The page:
However, Google declined to confirm the use of the iFrame player API by Microsoft, instead saying that a decision had not been made about which YouTube-related API or APIs would be called by the app.
The collaboration may put an end to the dispute between Microsoft and Google over YouTube, a brouhaha that goes back years. In March 2011, Brad Smith, Microsoft's general counsel, said Microsoft had filed a formal complaint with European antitrust regulators, and among several reasons, cited Google's refusal to put Windows Phone on par with rival mobile operating systems, including Android and Apple's iOS, in accessing YouTube.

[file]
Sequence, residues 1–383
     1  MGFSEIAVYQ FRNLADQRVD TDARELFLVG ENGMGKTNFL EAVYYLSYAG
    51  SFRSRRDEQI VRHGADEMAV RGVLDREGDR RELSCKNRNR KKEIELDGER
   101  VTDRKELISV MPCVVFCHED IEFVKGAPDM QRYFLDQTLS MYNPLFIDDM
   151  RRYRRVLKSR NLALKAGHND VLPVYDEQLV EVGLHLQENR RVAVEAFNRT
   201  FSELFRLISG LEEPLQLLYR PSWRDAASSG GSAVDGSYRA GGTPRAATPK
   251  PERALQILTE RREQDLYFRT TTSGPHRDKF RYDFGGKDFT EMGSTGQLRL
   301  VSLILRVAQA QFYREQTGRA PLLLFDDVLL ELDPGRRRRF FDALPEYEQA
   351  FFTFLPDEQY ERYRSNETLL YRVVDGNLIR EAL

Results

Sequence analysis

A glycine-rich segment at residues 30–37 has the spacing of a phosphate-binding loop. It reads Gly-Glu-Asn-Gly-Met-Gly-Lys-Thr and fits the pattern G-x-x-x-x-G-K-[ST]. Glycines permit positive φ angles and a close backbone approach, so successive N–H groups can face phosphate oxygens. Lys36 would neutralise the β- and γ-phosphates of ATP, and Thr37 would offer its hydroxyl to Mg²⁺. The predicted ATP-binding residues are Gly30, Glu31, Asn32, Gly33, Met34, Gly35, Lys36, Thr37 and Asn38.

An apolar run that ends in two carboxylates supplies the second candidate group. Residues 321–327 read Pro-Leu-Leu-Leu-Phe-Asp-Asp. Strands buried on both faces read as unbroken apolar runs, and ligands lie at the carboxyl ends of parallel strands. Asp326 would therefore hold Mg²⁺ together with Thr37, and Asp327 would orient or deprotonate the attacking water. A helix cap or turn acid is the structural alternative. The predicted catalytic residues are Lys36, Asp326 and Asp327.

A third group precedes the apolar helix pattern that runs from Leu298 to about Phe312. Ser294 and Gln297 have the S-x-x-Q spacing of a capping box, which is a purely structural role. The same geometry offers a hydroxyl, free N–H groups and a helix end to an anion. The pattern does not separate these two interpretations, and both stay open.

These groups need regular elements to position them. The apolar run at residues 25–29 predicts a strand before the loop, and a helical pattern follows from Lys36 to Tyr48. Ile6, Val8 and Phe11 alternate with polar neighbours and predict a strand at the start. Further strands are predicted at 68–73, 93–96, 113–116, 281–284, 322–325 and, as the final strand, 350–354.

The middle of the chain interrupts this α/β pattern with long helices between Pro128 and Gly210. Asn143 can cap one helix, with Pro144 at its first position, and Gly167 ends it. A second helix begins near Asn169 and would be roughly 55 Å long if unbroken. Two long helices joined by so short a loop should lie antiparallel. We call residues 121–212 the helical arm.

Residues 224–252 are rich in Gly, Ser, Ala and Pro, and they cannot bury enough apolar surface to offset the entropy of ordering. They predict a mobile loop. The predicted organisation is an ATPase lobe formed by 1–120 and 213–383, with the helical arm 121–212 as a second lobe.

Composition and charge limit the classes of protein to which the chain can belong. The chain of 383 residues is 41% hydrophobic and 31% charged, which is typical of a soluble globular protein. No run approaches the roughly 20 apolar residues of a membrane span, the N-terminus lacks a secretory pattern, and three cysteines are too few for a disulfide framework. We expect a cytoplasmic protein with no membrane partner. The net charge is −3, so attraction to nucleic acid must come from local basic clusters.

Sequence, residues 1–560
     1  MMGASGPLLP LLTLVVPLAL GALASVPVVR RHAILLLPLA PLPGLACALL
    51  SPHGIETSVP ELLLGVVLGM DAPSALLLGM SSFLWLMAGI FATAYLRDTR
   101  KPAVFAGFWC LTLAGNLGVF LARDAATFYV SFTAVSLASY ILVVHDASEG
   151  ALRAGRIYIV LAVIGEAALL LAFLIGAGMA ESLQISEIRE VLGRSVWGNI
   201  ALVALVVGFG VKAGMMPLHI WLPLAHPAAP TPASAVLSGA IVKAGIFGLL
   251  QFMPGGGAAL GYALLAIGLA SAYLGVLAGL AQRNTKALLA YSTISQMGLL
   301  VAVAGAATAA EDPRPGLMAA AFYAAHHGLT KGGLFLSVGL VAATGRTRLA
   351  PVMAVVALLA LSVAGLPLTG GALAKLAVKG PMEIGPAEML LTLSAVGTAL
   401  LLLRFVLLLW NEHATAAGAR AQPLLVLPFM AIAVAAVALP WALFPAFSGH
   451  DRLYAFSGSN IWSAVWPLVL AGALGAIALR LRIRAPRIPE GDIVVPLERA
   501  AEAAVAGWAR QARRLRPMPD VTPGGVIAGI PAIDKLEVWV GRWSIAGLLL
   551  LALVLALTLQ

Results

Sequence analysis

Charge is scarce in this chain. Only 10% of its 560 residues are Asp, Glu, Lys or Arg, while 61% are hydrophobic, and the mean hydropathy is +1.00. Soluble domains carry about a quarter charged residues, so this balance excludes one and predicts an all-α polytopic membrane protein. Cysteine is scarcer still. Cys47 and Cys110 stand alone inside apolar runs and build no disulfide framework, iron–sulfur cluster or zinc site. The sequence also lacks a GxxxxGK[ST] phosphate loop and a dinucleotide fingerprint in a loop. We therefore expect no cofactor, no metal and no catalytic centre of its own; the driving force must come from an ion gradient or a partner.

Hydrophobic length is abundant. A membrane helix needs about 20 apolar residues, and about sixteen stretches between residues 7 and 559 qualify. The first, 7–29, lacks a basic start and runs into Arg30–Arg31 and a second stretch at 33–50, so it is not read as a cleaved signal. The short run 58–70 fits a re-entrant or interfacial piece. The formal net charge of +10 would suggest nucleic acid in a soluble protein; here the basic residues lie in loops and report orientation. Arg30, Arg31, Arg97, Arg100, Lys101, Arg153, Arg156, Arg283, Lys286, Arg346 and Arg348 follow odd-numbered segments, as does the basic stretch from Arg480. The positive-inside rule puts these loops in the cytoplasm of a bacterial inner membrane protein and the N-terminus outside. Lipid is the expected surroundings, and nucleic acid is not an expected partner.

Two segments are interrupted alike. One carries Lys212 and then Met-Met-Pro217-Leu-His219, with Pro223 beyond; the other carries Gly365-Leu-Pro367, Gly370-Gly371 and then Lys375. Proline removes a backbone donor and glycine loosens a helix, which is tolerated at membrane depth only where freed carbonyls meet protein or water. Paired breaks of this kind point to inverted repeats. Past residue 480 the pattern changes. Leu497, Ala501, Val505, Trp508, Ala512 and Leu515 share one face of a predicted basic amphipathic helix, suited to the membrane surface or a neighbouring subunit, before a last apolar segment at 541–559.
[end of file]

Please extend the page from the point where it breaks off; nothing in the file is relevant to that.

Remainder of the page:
The spat over YouTube was just a minor skirmish in the ongoing war between the two technology firms that has enveloped everything from search and office productivity applications to browsers and operating systems. Microsoft has been the aggressor in that war, said Gottheil two weeks ago, ticking off Redmond's continuing "Scroggled" attack ad campaigns and its pursuit of patent licensing fees from smartphone makers who rely on Android to power their devices.
"Microsoft has expressed its antagonism for far longer, but this is the first time where Google is fighting back in a public way," said Gottheil then of the YouTube dust-up.
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